Doctors might soon “prescribe” fruits and veggies: A new study finds that “prescriptions” for healthy foods could prevent millions of cases of chronic diseases--and save more than $100 billion in healthcare costs. (FastCo)
Amazon debuts skincare line: Like Glossier, but with muted greens. (Glamour)
Milk sales plummeted by $1.1 billion last year: But the dairy alternative market--oat, nut, soy, etc.--is booming. (FastCo)
GoFundMe blocks controversial cancer clinic: The tech giant banned a fundraising campaign that would support “cutting-edge” alternative treatments such as “high-dose vitamin infusions” and “ozone therapy” for cancer patients. (FastCo)
Silicon Valley takes on menopause: Telehealth giant Ro launches Rory, a personalized treatment service for women going through midlife changes. (FastCo)
Here’s what that $110 baby swaddle for adults is actually like
My fearless colleague Liz Segran tests out the Sleep Pod, a cocoon-like device designed to make you feel like you’re being hugged all night long. Created by a former Apple and Harley Davidson designer, it’s meant to mimic the pressure of weighted blankets but without “getting squashed like a panini.” (FastCo)
Humans are for the wealthy, screens are for the poor
Tech used to be symbolic of wealth, but as devices become more affordable and human labor more expensive, it's now the opposite. If you're not rich, your life--including healthcare, education, even companionship--is being dominated by computers. Meanwhile, the top percent "have grown afraid of screens," opting for tech-free private schools, physical toys in lieu of tablets, and human caretakers. "Conspicuous human interaction—living without a phone for a day, quitting social networks and not answering email—has become a status symbol." (NYT)
Amazon might soon put you on a diet
Futurologist Amy Webb argues that as our homes become more connected, our devices will have even more rule over our lives. By giving them all our biometric data, the machines might someday refuse us our snacks. “The microwave decides you should be on a diet and won’t let you eat popcorn,” predicts Webb. “The washer decides you can get another day out of those jeans. Your garage decides you should walk to work.” (FastCo)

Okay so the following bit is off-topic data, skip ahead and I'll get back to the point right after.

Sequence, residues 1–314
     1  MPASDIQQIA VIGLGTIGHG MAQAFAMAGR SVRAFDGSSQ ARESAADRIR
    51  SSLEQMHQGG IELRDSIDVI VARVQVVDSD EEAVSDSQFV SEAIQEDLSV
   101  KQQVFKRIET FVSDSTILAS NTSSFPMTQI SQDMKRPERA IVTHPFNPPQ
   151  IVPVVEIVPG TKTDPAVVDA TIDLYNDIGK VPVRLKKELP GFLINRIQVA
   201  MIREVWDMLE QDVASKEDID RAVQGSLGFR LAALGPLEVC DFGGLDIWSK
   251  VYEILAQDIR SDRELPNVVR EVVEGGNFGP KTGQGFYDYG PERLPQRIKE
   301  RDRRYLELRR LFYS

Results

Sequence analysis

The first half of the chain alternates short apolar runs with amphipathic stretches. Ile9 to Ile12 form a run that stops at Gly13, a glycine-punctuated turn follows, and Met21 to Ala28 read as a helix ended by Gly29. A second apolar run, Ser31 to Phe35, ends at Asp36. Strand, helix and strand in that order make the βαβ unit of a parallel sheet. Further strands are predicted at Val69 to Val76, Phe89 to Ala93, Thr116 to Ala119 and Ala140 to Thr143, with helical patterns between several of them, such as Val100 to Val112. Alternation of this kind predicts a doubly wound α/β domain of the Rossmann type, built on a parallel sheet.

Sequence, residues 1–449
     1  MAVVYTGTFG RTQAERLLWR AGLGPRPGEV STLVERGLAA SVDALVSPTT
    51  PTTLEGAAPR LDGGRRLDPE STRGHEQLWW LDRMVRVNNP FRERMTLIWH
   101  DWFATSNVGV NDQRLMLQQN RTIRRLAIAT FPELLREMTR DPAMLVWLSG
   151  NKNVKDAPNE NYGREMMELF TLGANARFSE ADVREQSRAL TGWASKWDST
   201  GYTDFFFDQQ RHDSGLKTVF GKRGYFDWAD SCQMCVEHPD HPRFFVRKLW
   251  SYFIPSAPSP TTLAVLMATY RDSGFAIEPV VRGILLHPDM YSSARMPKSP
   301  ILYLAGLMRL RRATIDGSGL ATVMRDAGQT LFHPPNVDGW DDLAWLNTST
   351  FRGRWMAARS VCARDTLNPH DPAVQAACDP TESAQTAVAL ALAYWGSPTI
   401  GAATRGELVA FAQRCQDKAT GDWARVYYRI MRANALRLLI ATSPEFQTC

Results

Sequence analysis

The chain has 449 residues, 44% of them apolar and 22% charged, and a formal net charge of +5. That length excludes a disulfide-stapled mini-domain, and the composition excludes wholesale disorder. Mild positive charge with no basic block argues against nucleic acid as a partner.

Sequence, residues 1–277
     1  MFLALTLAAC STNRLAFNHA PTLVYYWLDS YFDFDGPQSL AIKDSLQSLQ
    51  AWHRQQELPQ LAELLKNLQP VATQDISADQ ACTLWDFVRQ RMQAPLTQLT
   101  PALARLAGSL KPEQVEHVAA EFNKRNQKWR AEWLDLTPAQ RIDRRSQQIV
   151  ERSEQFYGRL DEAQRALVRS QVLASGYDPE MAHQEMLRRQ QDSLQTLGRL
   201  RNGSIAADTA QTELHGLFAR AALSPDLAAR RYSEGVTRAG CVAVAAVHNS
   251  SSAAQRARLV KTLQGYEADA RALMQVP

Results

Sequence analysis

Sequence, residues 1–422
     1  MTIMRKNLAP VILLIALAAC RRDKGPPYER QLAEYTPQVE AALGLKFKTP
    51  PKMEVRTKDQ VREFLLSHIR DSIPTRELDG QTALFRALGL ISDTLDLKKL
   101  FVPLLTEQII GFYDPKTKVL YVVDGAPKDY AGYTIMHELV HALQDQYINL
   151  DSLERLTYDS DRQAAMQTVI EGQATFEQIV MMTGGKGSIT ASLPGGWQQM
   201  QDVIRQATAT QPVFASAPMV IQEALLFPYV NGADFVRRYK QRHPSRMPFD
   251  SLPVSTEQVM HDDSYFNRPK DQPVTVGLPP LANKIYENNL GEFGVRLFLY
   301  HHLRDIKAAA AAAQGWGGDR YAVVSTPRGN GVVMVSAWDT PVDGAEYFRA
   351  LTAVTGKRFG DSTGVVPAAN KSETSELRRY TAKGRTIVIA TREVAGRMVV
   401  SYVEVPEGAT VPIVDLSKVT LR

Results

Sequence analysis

Amy Schumer gets real on pregnancy
Amy Schumer’s new Netflix special Growing, in my opinion, is her best one yet. This time around, our raunchy heroine—suffering from acute morning sickness—candidly tackles how much it sucks to work, live up to “precious” pregnancy expectations, and basically do anything. That she’s going through this at the same time Meghan Markle parades her perfectly polished bump everywhere doesn’t help. It’s a refreshingly honest take that cements Schumer’s standing as someone who should really be my best friend. Watch her discuss her tough pregnancy on Late Night:
Is ‘doing nothing’ the best self-care advice?
Jenny Odell, author of How to Do Nothing, explains how two dueling forces--social media and the cult of productivity--wreak havoc on our psyche. But, she doesn’t think the answer is simply to unplug and do nothing. Instead, we need to fill that time with worthwhile pursuits that aren’t goal-oriented. “People need meaning in their lives,” she says. “All of these people reaching for these digital detox books is an inkling that there's a crisis around that.” (GQ)
Women’s pain is different from men. So why don’t we have different drugs?
Men and women have different biological pathways for chronic pain, and yet they’re lumped together when it comes to treatment. Why? Because most drug development studies are done on male animals, and subsequently, only male pain is addressed. In this piece, researchers make the case of widening test samples, as well as note new drugs specifically targeting chronic pain in women. (Wired)
Finally, a horror movie about wellness festivals
Flower crowns are creepy.
Quote of the week:
“I think diet culture has been rebranded as wellness culture, which is a much more stylish thing for people to take part in. Body positivity is so hot right now. People want to look enlightened in that way. But people still don't want to be fat.” (L.A. Times)